Writing a book: One thing that challenges first-time authors

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I love working with first-time authors. They’re bright and successful people who’ve been thinking about what should go in their book for a while. Most are also good writers. They could write their book themselves, but they’d rather work with an experienced partner who can help them make the book better. They want a partner who understands how writing a book is different.

How A Book Is Different

Most of the people I work with know that writing a book is different from any other kind of writing that they’ve done. For most of them, it’s much more writing than they’ve ever done. The big challenge is to make the finished book a single body of work.

The Way We Say Things Around Here

Your language and style needs to be the same throughout. If you’re writing informally in chapter one, you should be writing informally in other chapters, as well. A professional editor can catch lots of this later, but you should try to get it right yourself.

The Same Story

Many of the authors I work with use stories and examples to make their points. That’s good, but if you use a story in one part of the book, you should use it the same way in other parts of the book. In real life, when we’re talking to friends, we can tell a story a little bit differently every time. Not in your book. Make sure that the people and the location and the key points and the language match up throughout the book.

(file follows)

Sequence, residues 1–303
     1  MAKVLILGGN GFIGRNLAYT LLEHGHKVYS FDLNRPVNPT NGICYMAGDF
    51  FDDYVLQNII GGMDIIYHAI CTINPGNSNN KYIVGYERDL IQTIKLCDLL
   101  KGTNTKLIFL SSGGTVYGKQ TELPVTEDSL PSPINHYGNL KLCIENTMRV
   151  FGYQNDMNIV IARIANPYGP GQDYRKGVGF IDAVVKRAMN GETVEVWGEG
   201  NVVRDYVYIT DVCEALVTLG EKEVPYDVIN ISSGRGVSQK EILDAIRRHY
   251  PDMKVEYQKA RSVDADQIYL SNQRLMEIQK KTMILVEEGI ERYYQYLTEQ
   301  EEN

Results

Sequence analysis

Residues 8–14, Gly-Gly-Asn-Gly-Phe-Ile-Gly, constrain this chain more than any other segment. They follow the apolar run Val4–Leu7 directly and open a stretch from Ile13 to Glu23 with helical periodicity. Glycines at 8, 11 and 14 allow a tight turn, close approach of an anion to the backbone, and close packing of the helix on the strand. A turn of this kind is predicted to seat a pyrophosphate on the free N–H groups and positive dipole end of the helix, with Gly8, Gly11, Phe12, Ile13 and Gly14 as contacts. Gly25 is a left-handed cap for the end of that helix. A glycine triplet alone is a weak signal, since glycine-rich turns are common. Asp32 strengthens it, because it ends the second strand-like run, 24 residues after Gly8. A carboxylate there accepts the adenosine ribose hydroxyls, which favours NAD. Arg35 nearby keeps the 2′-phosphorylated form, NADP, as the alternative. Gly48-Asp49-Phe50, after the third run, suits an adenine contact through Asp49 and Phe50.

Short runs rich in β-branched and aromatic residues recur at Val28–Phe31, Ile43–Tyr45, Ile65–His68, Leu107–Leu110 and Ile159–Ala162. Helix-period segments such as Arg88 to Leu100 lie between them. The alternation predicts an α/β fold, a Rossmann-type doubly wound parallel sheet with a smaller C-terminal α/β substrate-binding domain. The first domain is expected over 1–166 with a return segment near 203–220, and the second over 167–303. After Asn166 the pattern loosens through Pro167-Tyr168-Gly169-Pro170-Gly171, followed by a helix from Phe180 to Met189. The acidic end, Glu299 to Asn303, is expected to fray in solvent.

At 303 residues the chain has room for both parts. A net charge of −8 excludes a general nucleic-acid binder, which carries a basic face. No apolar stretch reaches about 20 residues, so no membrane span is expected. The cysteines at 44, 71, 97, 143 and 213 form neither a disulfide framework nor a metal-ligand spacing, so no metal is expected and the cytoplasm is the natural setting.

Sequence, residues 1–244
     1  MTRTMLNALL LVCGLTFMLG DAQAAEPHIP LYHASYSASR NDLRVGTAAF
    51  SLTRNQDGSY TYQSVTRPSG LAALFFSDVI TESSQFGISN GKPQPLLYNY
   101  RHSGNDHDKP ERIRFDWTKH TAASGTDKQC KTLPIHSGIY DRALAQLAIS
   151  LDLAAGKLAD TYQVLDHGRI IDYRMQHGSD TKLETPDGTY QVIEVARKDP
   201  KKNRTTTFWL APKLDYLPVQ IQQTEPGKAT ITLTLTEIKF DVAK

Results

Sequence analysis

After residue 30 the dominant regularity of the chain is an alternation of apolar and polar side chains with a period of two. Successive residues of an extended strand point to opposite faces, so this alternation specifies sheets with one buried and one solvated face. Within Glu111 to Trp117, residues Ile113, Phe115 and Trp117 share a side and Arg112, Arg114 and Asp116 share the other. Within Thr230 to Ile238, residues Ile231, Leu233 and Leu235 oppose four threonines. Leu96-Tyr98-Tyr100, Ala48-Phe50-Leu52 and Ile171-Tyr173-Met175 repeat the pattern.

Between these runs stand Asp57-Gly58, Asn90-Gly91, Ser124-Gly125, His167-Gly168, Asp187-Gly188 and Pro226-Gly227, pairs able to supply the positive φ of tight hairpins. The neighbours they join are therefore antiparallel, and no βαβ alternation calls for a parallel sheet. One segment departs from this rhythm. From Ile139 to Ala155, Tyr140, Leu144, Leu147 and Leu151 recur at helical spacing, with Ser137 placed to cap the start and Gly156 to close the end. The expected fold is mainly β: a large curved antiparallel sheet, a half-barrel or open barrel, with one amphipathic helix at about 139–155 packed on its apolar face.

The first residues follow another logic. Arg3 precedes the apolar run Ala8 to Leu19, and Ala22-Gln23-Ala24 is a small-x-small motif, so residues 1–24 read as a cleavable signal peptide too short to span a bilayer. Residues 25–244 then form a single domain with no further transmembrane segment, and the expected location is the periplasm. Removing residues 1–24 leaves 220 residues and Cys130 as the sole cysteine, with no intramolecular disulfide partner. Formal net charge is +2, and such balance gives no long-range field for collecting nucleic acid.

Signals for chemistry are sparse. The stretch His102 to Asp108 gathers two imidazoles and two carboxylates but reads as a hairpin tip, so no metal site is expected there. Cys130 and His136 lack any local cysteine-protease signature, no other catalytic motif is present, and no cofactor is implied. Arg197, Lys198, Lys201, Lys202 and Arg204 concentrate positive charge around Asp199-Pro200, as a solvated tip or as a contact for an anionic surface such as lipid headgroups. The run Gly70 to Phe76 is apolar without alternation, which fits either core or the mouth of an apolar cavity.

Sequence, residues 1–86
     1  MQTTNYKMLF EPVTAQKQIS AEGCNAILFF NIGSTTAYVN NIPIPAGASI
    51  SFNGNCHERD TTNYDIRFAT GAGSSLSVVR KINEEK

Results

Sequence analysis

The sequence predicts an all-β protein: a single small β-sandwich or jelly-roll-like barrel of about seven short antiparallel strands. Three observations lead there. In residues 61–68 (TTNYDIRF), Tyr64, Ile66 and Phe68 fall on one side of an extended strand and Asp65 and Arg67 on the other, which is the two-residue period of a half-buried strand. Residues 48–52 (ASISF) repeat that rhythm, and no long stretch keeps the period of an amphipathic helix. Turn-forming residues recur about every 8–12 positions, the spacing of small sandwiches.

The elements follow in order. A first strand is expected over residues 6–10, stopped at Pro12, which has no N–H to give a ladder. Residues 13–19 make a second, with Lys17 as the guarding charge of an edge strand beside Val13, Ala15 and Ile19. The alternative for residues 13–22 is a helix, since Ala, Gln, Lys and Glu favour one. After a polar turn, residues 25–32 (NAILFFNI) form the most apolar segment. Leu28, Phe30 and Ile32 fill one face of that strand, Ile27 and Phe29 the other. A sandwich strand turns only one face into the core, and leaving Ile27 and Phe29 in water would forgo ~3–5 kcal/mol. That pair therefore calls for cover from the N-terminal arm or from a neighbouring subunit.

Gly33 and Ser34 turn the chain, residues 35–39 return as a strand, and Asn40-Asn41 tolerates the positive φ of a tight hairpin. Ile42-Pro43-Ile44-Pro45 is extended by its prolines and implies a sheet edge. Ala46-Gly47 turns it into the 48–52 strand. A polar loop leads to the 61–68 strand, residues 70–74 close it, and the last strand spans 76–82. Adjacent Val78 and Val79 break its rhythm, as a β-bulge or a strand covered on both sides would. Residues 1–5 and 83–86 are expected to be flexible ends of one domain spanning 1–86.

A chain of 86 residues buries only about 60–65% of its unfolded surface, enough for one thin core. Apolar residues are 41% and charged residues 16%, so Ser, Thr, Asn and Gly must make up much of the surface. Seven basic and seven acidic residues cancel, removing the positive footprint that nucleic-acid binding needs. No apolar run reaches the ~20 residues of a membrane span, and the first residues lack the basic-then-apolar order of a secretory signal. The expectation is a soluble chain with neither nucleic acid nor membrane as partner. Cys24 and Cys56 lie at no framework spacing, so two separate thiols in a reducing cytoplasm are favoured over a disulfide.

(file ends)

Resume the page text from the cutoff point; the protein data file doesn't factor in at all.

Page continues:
Get the Numbers Right

Most business authors use statistics and research findings in their books. When you do that, make sure you use the statistics the same way every time. I’m talking about exactly the same way.

If you say that a certain finding is 35 percent early in the book, it should be 35 percent every time you refer to the statistic. Don’t make it “about a third” or “more than a third.” Those are both valid, but if you express a statistic differently, it will jar readers and send them paging back through the book to see if they remember what you said correctly.

Bottom Line

It’s important to make your book as consistent as possible before you send it off to a professional editor. If you’re working with a writing partner, especially if that writing partner has written books before, you may assign the harmonization task to him or to her. If you’re doing it yourself, I suggest reading through the manuscript out loud. That will slow you down and make you more aware of inconsistencies.

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